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# GAME: Where to put registry stuff

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Hi, I''m not a big registry fan, and i like to keep stuff, like settings, in a file the user can save, if he uninstall the game, but i reckon registry will be necessary somewhere... So, where should we put our gamestuff in the registry? under which levels?

[Hugo Ferreira][Positronic Dreams][]
"Research is what I''m doing when I don''t know what I''m doing."
- Wernher Von Braun (1912-1977)

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Most of time people do it like this:

HKEY_CURRENT_USER\Software\CompanyName\GameOrAppName\

For example, Half-Life stores its settings here:

HKEY_CURRENT_USER\Software\Valve\Half-Life\

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OK, I''m comming from the Unix world, so please forgive this stupid question, but...

Why do Windows games always need to put their config stuff into the registry ? Why can''t they just create a little ini or cfg (or .config ) file in their current directory, and load that one at startup ? This way, games would be 100% relocable. I hate this: Try to copy a game that you installed on D:\blah to E:\blah because you need the space on D for something else. Game doesn''t run anymore. WHY do Windows games need to store direct references on drive letters ? Some even store drive-bound paths into registry entries !! WHY ?

Don''t get it...

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I have to agree, stop playing with the registry! Mine is already over 32MB big(!!)

Give me a .ini (or whatever file) in the GAME DIRECTORY anytime over the stupid use of the registry.

And if you must use the registry, then don''t put directory paths, or anything else that can mess up a game just by moving the folder from one drive to another.

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Using the registry is an easy way to allow per-user settings. You can also store binary data directly.

I still prefer config files for games and stuff though.

----------------
Blaster
Computer game programmer and part time human being
Strategy First - http://www.strategyfirst.com
BlasterSoft - http://www.blastersoft.com

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quote:
Original post by Anonymous Poster
Why do Windows games always need to put their config stuff into the registry ? Why can''t they just create a little ini or cfg (or .config ) file in their current directory, and load that one at startup ?

What about allowing settings for different users? Under UNIX you get a different home directory for each person so this is trivial, Windows doesn''t do that.

quote:
This way, games would be 100% relocable. I hate this: Try to copy a game that you installed on D:\blah to E:\blah because you need the space on D for something else.

If you could move games around that easily, how would Windows how to uninstall it?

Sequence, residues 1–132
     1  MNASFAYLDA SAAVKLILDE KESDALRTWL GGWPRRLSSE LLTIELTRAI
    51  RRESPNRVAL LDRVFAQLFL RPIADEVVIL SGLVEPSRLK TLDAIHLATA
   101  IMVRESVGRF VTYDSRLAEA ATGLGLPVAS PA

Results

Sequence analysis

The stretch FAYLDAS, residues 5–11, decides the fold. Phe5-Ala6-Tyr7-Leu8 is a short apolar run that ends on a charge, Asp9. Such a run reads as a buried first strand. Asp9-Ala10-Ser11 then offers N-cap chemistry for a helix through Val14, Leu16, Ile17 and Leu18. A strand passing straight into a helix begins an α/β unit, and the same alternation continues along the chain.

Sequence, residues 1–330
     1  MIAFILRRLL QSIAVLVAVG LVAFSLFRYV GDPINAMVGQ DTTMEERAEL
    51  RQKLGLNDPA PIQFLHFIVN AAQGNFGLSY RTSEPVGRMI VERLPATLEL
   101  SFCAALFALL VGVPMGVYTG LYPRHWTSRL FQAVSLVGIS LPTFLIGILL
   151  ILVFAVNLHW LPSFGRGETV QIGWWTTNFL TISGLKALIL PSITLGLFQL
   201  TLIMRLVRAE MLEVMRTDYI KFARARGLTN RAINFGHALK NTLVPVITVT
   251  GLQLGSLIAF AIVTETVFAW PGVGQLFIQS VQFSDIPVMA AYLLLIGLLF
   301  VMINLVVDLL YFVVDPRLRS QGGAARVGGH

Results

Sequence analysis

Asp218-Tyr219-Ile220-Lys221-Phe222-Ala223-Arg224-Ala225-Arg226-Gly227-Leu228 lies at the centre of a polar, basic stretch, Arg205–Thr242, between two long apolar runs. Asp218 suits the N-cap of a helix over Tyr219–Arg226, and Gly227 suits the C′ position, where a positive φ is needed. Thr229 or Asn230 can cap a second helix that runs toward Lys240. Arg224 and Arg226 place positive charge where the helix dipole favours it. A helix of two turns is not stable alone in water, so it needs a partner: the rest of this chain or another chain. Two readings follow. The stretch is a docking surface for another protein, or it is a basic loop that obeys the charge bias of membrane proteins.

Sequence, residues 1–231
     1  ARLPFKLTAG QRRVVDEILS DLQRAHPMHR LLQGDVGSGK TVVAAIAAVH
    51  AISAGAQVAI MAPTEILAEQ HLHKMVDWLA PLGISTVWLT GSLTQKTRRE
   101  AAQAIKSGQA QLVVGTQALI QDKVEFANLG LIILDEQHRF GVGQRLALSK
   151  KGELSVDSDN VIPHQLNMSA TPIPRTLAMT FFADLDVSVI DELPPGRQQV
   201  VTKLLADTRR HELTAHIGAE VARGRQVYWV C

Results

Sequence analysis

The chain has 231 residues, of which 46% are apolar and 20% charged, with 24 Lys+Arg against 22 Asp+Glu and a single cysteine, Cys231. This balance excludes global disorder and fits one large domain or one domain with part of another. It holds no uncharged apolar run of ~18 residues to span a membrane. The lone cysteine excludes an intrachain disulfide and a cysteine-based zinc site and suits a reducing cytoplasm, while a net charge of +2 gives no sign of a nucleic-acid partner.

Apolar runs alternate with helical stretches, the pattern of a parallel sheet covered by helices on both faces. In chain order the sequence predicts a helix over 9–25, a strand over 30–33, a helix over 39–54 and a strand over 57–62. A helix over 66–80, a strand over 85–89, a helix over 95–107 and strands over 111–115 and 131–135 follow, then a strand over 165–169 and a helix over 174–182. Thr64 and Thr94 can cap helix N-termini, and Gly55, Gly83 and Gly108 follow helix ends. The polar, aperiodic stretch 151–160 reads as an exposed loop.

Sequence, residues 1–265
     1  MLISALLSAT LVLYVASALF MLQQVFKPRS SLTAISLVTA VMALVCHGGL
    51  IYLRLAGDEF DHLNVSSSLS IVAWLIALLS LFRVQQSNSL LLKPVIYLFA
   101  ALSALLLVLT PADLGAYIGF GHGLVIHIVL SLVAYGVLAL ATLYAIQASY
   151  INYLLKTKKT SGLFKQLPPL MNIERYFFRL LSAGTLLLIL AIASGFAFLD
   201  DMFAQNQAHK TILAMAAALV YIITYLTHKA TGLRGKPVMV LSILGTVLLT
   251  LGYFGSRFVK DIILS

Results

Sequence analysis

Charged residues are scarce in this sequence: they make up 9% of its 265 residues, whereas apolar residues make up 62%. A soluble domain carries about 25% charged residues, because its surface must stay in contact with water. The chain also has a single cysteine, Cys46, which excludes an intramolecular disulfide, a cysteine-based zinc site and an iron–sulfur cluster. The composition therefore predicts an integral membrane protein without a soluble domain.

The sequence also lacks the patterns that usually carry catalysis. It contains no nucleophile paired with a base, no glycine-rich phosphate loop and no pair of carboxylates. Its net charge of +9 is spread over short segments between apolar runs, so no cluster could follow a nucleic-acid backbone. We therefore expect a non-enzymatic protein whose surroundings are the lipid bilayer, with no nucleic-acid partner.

(Of course, this can be answered with: "why not teach the users how to delete a directory for themselves, instead of using a convoluted Add/Remove mechanism".)

[ MSVC Fixes | STL | SDL | Game AI | Sockets | C++ Faq Lite | Boost ]

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quote:

What about allowing settings for different users? Under UNIX you get a different home directory for each person so this is trivial, Windows doesn''t do that.

Hmm, yes. Good point.

But, although I don''t know the Win-API very well, I''m sure that there is a function to query the username of the currently logged in user. So you could just create a CFG for each user: user1.config, user2.config, etc.. Perhaps encrypted with a user defined password.

That way, each user could just do what he wants with his config file, copy it onto his notebook (to keep playing at work ), backup it, or even access his personal configs (or savegames) over a network, or... Oops, probably I''m thinking too much Unix here...

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Thanx for all the inputs...

[Hugo Ferreira][Positronic Dreams][]
"Research is what I''m doing when I don''t know what I''m doing."
- Wernher Von Braun (1912-1977)

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Since nobody mentioned it, you can still create .ini files. In fact, you can give the user the choice of using the registry or an .ini file (so the power user has more control), but default to one for the type of user who always clicks "Default Installation."

Happy Hacking!

[ GDNet Start Here | GDNet FAQ | MS RTFM | STL | Google ]
Thanks to Kylotan for the idea!

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The registry is cool, because it begins to provide type-safe storage.. it''s certainly not perfect though. Personally I find text parsing a pain, and a waste of time that could be spent doing something else, so I tend to use the registry early on in development because it''s a little quicker to use.

As for username''s, etc.. Win9x doesn''t really have that concept. NT/2000/XP does though. NT also has the concept of a ''home'' directory which you can get the path for, using Win32 APIs. Max Payne (for PC) will query for your user folder and store your save games there (and maybe other user specific stuff). I think there was an article on MSDN that describes this as "the right way to store savegames/etc under Windows"..

-Brannon